The issue presented is whether the department regulation found at 56 Ill. Adm. Code §2920.75(d) (2000) is valid. This was the rule that was relied upon by the Department of Employment Security in resolving plaintiff's unemployment benefit claim. The circuit court, in declaring the regulation invalid, determined that it was inconsistent with section 611(B) of the Unemployment Insurance Act (Act) (820 ILCS 405/611(B) (West 2000)). Because the trial court's decision declaring the rule invalid is a question of law, our review is de novo. Swavely v. Freeway Ford Truck Sales, Inc., 298 Ill. App. 3d 969, 976, 700 N.E.2d 181 (1998).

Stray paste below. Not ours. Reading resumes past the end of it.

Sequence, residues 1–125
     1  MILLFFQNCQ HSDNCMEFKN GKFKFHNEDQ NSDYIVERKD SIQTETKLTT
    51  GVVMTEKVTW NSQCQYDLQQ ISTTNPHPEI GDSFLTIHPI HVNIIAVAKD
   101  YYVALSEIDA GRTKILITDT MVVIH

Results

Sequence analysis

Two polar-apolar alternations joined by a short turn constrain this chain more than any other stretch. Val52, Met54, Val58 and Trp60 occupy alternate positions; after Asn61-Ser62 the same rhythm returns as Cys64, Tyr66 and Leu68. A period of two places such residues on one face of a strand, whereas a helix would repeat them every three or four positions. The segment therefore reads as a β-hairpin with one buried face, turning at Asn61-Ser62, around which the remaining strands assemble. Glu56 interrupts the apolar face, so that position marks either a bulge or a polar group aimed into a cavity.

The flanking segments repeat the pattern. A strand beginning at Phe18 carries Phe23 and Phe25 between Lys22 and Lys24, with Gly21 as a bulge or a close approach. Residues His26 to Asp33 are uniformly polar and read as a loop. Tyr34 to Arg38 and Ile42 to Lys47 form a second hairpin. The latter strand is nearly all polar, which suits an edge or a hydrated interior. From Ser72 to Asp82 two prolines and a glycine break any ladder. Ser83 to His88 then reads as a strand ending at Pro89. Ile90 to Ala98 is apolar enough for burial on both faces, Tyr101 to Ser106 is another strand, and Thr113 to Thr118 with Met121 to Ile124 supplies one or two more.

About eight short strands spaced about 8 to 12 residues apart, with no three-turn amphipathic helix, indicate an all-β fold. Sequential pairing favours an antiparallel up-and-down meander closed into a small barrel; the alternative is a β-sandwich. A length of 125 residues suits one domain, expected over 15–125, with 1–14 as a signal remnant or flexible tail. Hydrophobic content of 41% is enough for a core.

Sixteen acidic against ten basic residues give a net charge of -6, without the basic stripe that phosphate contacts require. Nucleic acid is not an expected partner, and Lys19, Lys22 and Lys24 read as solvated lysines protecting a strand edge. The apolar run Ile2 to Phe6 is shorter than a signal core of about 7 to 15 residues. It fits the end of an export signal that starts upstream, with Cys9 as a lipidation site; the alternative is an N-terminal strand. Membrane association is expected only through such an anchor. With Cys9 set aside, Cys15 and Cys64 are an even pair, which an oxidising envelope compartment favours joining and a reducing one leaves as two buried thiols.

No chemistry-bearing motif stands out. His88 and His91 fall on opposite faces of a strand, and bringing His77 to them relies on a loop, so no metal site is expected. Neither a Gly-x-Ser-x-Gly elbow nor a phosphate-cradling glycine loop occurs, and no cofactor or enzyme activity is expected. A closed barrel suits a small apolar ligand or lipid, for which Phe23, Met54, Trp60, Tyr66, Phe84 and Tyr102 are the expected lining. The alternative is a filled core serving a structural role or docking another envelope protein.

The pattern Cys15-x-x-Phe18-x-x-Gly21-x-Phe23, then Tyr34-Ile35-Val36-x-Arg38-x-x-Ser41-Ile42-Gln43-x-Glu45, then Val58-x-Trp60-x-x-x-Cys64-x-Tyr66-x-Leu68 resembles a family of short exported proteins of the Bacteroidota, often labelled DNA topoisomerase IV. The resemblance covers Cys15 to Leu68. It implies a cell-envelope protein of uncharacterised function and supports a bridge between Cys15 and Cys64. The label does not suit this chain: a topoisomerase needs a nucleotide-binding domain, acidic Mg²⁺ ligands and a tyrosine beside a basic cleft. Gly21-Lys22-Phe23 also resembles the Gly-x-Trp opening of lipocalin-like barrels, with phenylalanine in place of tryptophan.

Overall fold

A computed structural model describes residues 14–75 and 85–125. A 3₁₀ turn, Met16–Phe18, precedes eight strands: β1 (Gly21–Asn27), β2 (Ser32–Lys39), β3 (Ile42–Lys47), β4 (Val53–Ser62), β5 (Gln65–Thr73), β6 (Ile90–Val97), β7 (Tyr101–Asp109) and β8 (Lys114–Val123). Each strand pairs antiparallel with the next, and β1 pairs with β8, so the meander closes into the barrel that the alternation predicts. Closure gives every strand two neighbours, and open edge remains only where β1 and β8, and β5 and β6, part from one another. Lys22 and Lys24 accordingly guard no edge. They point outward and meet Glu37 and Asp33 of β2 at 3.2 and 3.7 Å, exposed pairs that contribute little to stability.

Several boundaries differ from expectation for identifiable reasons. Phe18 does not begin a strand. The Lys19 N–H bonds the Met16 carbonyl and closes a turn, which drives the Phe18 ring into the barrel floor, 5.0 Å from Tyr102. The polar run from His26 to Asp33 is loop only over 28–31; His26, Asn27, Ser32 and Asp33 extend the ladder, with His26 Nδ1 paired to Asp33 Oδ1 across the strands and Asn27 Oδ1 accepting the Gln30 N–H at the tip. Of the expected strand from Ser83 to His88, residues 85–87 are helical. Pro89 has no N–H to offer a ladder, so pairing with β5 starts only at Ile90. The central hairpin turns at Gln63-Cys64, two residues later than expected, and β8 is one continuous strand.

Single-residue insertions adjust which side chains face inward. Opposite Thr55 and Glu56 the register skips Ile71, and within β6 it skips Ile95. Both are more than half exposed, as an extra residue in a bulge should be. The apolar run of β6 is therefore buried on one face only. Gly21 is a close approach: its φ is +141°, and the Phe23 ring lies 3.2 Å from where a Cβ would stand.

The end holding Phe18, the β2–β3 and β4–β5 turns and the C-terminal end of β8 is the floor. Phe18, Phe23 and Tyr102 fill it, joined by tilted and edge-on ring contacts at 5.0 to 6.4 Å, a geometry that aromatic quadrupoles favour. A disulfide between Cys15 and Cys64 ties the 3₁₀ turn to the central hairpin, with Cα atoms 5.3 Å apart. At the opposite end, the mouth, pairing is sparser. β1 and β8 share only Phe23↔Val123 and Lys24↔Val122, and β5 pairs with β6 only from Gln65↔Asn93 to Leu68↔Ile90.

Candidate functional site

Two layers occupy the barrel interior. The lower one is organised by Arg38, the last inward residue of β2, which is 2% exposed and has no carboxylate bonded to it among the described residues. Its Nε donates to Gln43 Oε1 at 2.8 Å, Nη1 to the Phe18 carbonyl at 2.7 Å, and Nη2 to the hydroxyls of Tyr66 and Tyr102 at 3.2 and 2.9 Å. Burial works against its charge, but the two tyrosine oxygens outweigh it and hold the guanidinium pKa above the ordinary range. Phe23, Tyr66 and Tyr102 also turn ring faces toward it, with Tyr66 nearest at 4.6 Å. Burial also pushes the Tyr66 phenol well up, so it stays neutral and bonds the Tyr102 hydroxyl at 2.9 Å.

We shall first explain the general principles that apply to judicial review of an agency's rules and regulations. The statute that creates an administrative agency defines the authority of the agency to adopt rules and regulations. Board of Trustees of University of Illinois v. Illinois Educational Labor Relations Board., 274 Ill. App. 3d 145, 148, 653 N.E.2d 882, 884 (1995). When a regulation is promulgated by an agency pursuant to this grant of legislative power, a reviewing court should not substitute its judgment as to the content of the regulation, because the legislature has placed the power to create such regulations in the agency and not in the court. Monsanto Co. v. Pollution Control Board, 67 Ill. 2d 276, 290, 367 N.E.2d 684, 690 (1977). A rule or regulation that conflicts with the enabling statute is invalid. Board of Trustees, 274 Ill. App. 3d at 148, 653 N.E.2d at 884. Nevertheless, an administrative regulation carries the same presumption of validity as a statute. Board of Trustees, 274 Ill. App. 3d at 148, 653 N.E.2d at 884. Thus, the party challenging the validity of a regulation bears the burden of proving its invalidity. Board of Trustees, 274 Ill. App. 3d at 148, 653 N.E.2d at 884.